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The Wall Street Journal recently exposed how Facebook turned a blind eye to hate speech by BJP lawmakers and Hindutva groups in India.
Former Facebook employees told the newspaper that the social network also provided the BJP with “favourable treatment on election-related issues”. Quoting unnamed former Facebook employees, the WSJ said: “In April of last year, days before voting began in India’s general election, Facebook announced it had taken down inauthentic pages tied to Pakistan’s military and the Congress party, the BJP’s main rival party. But it didn’t disclose it also removed pages with false news tied to the BJP, because Ms Das intervened.”
‘Ms Das’ is Ankhi Das, Facebook’s public policy chief in India.
The report said she opposed the application of Facebook’s own hate speech rules to the BJP’s T Raja Singh, an MLA in Telangana state, saying it would damage the social network’s business prospects in India. T Raja Singh is known for making communally provocative statements.
The posts the WSJ refers to call for the murder of Rohingya Muslims, saying they should be shot and mosques razed. Facebook staff were clear that Singh had violated their hate speech rules but Das feared damaging the network’s relationship with the BJP.
In fact, her own relationship with the BJP merits scrutiny. An investigation by transparency activist Saket Gokhale found that Ankhi Das is the sister of Dr Rashmi Das, former Jawaharlal Nehru University President of the BJP’s student wing, the Akhil Bharatiya Vidyarthi Parishad or ABVP. Rashmi Das is on record defending the ABVP’s attack on JNU students protesting a hostel fee hike in January 2020. Facebook’s Ankhi Das attended sessions of the ‘World Organization of Students & Youth’, which was led by her sister Rashmi. The organisation is run out of the same office as the Rashtriya Swayamsevak Sangh-operated Rashtriya Kala Manch in Delhi. With such close links to the Sangh and the BJP, many feel it’s no surprise that Ankhi Das blocked action against BJP members’ hate speech.
By the way, her team did nothing either after BJP politicians posted content accusing Muslims of intentionally spreading COVID-19, plotting against the nation and ‘love jihad’. For those of you who don’t know, love jihad is a term used by the Sangh to allege a conspiracy by Muslim men to seduce and marry Hindu women, and then convert them to Islam.
A Facebook spokesperson told The Wall Street Journal that Das’ stand was not the only factor that determined that T Raja Singh would remain on the platform. I wonder what the other concerns were.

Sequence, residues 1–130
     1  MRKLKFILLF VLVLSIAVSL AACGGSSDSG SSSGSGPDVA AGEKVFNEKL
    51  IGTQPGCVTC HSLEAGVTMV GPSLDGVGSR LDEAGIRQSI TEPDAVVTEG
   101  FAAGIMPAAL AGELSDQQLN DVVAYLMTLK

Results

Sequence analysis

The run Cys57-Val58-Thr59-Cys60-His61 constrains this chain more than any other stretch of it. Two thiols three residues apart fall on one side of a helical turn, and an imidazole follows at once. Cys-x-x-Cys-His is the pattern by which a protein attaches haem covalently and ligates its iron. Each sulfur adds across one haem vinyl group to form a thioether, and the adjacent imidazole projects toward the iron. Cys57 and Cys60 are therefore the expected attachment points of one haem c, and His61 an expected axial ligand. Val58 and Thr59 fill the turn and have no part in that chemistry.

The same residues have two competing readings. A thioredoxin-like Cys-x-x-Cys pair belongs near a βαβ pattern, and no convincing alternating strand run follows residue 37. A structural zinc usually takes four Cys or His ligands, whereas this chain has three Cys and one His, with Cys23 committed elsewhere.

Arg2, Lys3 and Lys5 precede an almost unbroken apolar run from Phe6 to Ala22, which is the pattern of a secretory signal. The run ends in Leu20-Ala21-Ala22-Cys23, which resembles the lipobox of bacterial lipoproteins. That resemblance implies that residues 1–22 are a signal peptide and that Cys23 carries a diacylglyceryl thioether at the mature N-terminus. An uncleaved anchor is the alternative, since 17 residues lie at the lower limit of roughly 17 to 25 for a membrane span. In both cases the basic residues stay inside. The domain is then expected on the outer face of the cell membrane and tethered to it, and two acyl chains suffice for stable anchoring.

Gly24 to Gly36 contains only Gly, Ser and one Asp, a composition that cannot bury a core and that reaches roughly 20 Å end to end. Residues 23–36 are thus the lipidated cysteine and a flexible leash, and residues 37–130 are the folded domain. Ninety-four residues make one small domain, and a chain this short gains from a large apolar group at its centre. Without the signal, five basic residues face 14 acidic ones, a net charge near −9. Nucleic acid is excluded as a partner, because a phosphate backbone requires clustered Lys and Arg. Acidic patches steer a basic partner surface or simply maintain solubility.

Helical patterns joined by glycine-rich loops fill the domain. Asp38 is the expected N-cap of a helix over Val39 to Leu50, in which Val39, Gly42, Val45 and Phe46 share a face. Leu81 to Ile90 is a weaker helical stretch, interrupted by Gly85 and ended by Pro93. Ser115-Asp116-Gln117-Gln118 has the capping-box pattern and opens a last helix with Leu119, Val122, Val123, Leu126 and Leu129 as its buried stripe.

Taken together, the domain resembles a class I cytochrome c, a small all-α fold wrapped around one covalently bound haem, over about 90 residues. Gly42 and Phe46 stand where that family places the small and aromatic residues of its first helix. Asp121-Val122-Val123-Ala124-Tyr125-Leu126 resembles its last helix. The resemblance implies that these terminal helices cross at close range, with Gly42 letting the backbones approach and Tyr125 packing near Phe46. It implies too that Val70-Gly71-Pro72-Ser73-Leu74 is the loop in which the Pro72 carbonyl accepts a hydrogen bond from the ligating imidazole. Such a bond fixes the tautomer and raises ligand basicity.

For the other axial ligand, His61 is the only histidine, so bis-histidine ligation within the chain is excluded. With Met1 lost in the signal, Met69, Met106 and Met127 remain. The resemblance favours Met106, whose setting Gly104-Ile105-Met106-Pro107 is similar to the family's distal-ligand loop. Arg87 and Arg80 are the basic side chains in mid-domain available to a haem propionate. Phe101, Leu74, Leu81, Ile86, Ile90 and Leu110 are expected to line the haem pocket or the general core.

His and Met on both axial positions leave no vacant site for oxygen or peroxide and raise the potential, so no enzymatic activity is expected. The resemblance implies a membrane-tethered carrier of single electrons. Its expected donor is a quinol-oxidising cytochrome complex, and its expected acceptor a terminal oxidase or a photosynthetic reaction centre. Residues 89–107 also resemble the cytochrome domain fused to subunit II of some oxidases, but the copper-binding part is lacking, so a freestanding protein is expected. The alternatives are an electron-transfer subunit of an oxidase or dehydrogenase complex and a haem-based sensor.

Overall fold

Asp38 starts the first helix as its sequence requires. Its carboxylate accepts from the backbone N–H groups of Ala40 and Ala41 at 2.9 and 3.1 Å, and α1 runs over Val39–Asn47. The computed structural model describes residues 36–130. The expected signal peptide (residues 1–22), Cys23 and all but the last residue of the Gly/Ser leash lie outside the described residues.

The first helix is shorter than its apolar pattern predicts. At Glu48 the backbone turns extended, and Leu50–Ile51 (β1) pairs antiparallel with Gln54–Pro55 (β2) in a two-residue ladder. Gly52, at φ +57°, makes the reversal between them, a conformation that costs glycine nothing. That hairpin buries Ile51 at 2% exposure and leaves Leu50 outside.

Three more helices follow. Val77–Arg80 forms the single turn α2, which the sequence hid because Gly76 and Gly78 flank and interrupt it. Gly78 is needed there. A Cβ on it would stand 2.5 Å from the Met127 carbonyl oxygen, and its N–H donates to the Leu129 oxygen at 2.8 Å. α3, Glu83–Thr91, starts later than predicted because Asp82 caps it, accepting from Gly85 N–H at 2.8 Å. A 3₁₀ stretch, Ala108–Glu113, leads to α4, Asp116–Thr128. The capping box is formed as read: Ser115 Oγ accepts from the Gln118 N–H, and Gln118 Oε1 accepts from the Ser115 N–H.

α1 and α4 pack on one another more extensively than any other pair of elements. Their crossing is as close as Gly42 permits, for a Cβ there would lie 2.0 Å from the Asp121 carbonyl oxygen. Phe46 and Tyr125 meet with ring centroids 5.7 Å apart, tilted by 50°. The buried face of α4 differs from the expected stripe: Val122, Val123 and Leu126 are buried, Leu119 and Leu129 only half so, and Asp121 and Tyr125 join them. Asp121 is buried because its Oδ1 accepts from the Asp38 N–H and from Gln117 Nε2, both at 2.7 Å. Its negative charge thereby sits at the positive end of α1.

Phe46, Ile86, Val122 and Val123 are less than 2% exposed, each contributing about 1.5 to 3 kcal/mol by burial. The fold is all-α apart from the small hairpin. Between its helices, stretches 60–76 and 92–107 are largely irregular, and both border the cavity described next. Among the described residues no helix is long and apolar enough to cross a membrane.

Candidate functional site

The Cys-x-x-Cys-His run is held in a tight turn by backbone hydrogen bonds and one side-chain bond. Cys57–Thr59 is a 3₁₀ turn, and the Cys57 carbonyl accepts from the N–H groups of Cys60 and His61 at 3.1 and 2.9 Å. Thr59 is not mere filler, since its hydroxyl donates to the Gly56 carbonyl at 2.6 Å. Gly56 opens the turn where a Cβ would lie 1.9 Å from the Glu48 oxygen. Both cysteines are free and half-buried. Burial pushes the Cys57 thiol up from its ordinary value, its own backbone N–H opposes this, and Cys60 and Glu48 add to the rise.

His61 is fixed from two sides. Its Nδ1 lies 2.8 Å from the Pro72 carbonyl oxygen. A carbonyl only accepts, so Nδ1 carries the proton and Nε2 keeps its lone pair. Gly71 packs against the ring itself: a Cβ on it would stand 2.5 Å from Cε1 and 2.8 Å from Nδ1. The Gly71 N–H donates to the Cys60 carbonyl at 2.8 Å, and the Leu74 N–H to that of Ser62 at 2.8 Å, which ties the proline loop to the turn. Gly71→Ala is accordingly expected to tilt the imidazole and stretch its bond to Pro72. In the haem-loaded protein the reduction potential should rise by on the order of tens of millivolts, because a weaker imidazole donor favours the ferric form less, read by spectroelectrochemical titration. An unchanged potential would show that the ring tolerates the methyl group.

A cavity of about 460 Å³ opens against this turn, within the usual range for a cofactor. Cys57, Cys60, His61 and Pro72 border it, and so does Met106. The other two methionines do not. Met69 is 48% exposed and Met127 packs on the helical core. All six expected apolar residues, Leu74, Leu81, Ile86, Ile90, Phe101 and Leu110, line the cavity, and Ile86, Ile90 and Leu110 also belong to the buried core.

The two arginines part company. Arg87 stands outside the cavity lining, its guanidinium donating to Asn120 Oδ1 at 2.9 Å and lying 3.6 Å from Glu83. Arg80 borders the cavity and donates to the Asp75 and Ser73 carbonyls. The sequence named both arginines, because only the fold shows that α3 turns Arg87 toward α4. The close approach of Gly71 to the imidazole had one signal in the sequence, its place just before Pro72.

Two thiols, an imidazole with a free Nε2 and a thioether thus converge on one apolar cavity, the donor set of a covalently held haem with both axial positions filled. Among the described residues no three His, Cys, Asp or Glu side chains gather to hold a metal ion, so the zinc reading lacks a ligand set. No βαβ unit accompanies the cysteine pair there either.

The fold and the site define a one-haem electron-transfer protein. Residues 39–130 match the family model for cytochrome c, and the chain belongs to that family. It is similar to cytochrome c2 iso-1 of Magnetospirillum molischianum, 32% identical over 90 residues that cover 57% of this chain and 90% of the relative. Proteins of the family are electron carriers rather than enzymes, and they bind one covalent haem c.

After all, we all know that hate speech online morphs very quickly into violence offline.
Tellingly, anti-Muslim posts by Singh and senior BJP leader Anantkumar Hegde were not deleted by Facebook until it was asked about it by the WSJ.
The WSJ story has created another storm. A few days ago, a police complaint was lodged against Ankhi Das in Raipur. A journalist, who’s also part of the Congress party’s anti-fake-news panel, said he received threats after publishing reports about the expose.
Facebook now has a history of being reluctant to act on hate speech and fake news, especially when perpetrated by politicians. It relented only when some of the world’s leading advertisers pulled their ads off the platform after the Black Lives Matter movement made a global mark. It was only the prospect of losing billions in revenue – and valuation – that made Facebook institute safeguards.
But that’s in the West. In India, it hasn’t been compelled to act and, given how industry here has rarely spoken against such incidents, Facebook is unlikely to face any corporate activism. It’s a double standard that’s worked in India, if not elsewhere.
Let’s not forget that Facebook owns WhatsApp too, probably the most popular messaging app in India and one used aggressively for election campaigns as well as to propagate fake news.
As citizens of a democracy, we should be alarmed. Why haven’t the media been more vocal about it? But then the media hasn’t stood up to the government and its backers in a long time.
In an age in which so much of our lives is lived on these platforms, our view of the world is shaped in large part by what we see or don’t see on them. Any bias, ethical shortfalls, selective application of rules or help provided by platforms to political parties have repercussions in the real world. It can skew perceptions, create uneven playing fields and change public discourse.
With what happened in the US and now in India, Facebook has a lot to answer for. At the time of making this podcast, however, it had done nothing to redeem itself. Ankhi Das continues to keep her job and there are no commitments from the social network to correct what went wrong. Much like it is with so many media houses in India, credibility, perhaps, is not a priority.
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